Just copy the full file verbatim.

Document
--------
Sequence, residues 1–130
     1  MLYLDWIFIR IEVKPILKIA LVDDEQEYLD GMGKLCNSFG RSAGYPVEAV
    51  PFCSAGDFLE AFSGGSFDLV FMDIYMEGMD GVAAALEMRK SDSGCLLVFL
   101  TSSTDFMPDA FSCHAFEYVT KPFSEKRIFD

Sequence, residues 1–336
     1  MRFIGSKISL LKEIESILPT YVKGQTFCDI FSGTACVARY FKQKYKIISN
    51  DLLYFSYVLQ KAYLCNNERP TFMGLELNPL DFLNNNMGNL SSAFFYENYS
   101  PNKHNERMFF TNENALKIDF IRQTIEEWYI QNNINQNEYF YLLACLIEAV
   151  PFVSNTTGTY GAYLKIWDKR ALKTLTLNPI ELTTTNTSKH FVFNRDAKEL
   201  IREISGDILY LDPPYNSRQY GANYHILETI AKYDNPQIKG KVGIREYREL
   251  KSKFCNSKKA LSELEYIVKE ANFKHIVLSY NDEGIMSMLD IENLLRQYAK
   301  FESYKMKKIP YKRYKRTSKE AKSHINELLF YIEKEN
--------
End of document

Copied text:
Sequence, residues 1–130
     1  MLYLDWIFIR IEVKPILKIA LVDDEQEYLD GMGKLCNSFG RSAGYPVEAV
    51  PFCSAGDFLE AFSGGSFDLV FMDIYMEGMD GVAAALEMRK SDSGCLLVFL
   101  TSSTDFMPDA FSCHAFEYVT KPFSEKRIFD

Sequence, residues 1–336
     1  MRFIGSKISL LKEIESILPT YVKGQTFCDI FSGTACVARY FKQKYKIISN
    51  DLLYFSYVLQ KAYLCNNERP TFMGLELNPL DFLNNNMGNL SSAFFYENYS
   101  PNKHNERMFF TNENALKIDF IRQTIEEWYI QNNINQNEYF YLLACLIEAV
   151  PFVSNTTGTY GAYLKIWDKR ALKTLTLNPI ELTTTNTSKH FVFNRDAKEL
   201  IREISGDILY LDPPYNSRQY GANYHILETI AKYDNPQIKG KVGIREYREL
   251  KSKFCNSKKA LSELEYIVKE ANFKHIVLSY NDEGIMSMLD IENLLRQYAK
   301  FESYKMKKIP YKRYKRTSKE AKSHINELLF YIEKEN